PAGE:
Scottish Labour to Vote on Bankruptcy Fees

On Friday the 9th March, the Scottish Labour Party will vote on a motion calling for the Scottish Government to accept the recommendations of the Money Advice Service (MAS) and re-introduce fee remissions and fee waivers for bankruptcy in Scotland.

Fee waivers were previously possible in Scotland, through legal aid, prior to 2008, but since then even people surviving on £73.32 per week, have to find £200 to apply for bankruptcy.

MAS in its report Debt Solutions in the UK: Recommendations for Change, recommended both the UK and Scottish Government look at reintroducing fee remissions for those who cannot afford the fee.

The Accountant in Bankruptcy, the Scottish Insolvency Service, is currently consulting on their fees, but has ruled out fee remissions for bankruptcy.

Currently, the application fee for a Full Administration Bankruptcy in Scotland is £200; whereas a Minimum Asset Bankruptcy is £90.

Debt Advisers asked about Vulnerability

Debt Advisers asked about Vulnerability

The largest survey of UK debt advisers has been launched to gain an insight into how they support clients that are in vulnerable situations.

The new research, which is asking for advice agencies to sign up and participate in the project, is being carried out by the University of Bristol’s Personal Finance Research Centre (PRFC), who are working in partnership with the Money Advice Trust and the Money and Mental Health Policy Institute. The research is being funded by a grant from the Money Advice Service.
Working with the advice sector and other experts, findings from the survey will inform the development of new guidance and practical tools to help frontline debt advisers to further support their clients.

Sharon Collard, director of the Personal Finance Research Centre at the University of Bristol said:

“Every day, across the advice sector, advisers work with clients to deal with their debt problems and try to get their finances back on an even keel.

“There is currently no published information about the extent to which those clients are in particularly vulnerable situations or what that means for advisers and their organisations. With the help of the advice sector, this survey aims to fill that gap.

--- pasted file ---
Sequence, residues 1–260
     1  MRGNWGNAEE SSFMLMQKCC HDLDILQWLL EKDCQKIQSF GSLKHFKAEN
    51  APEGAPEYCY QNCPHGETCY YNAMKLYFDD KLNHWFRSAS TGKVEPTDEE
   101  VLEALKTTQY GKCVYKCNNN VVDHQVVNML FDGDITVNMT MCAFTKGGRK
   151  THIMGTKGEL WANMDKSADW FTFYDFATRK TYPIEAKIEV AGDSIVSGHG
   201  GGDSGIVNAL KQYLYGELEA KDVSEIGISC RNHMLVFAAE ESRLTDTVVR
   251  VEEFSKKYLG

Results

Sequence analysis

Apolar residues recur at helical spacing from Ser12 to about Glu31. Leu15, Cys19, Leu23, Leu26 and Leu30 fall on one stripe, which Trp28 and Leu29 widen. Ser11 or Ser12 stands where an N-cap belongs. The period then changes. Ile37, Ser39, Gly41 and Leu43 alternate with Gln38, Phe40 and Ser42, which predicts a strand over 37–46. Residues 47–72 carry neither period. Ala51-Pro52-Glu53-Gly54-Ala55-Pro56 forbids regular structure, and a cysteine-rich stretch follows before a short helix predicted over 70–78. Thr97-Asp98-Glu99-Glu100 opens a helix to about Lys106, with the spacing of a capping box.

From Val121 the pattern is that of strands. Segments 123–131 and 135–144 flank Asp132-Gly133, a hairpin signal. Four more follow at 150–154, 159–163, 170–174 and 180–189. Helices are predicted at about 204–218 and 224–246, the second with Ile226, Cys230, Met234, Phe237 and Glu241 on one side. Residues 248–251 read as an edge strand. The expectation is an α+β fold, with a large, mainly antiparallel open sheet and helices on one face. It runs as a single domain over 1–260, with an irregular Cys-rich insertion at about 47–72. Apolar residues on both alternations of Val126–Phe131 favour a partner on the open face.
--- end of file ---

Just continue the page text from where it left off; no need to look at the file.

“We know that advisers work under a lot of pressure, so we’ve designed the survey to take about 15 minutes to complete.”

Simon Crine, director of the Money and Mental Health Policy Institute, said:

“Debt advisers do a crucial job, helping tens of thousands of people every year. But it’s not easy – particularly as many clients will be dealing with multiple complex problems like mental health issues, bereavement or housing difficulties as well as their debts.

“We want to know more about what it’s like for advisers on the frontline, what would make their jobs easier, and how we can help to improve outcomes for their clients.”

Advice agencies who wish to register in the research can do so here.

FCA fine Vanquis £1.96 million and orders them to pay compensation

The Financial Conduct Authority have fined Provident Group, credit card lender, Vanquis, £1.96 million and ordered them to pay compensation.

The FCA found that Vanquis mis-sold its customers, from 2003, an add-on product for its credit cards, called a Repayment Option Plan (ROP).

The product was intended to give Vanquis customers the option of an annual payment holiday, without fees or charges, for the cost of the ROP.

However, Vanquis failed to alert it’s customers to the fact the ROP fee attracted interest and this wasn’t cleared until the balance was cleared at the end of each month.

The FCA Fine has ordered Vanquis to pay compensation to all its customers affected from the 1st April 2014, when they took over regulation of the consumer credit market; however Vanquis has voluntarily agreed to pay it to customers who bought the product between 2003 to the 31st March 2014.

Customer affected by the product do not need to do anything, as Vanquis has offered to identify and contact all affected customers.

For more information, see here.

Money Advice Performance Report Published

The Money Advice Outcomes project team in the Improvement Service have published their Money Advice Performance Management Framework (MAPMF) annual report for 2016/17.

All Scotland’s 32 local authorities submitted data returns regarding the funding of money advice service in 2016/17.

The key findings were:

  • Investment by local authorities totalled c.£11.72m, representing a reduction of 5% since 2015/16
  • 305 FTE paid staff members were employed by the services, which represents a 5 FTE decrease when compared to 2015/16
  • 31% of service users had a disposable household income of less than £6,000, and 50% less than £10,000 – the median household disposable income in the UK is £26,300
  • 53% of clients reported having a disability or long-term condition, whereas around 20% of the general Scottish population has a disability or long-term condition
  • The total debt owed by clients was c.£217m, an increase of around £2m in comparison to 2015/16
  • c.111,000 people contacted the services, and c.49,000 new clients received support – in both cases this represents a 5% increase since 2015/16
  • 19% of clients initially sought advice because of council tax arrears
  • Money advice services delivered or funded by local authorities secured £101m in client financial gain
  • For every £1 that was invested in money advice services, clients achieved financial gains of £4-9

The full report can be read here.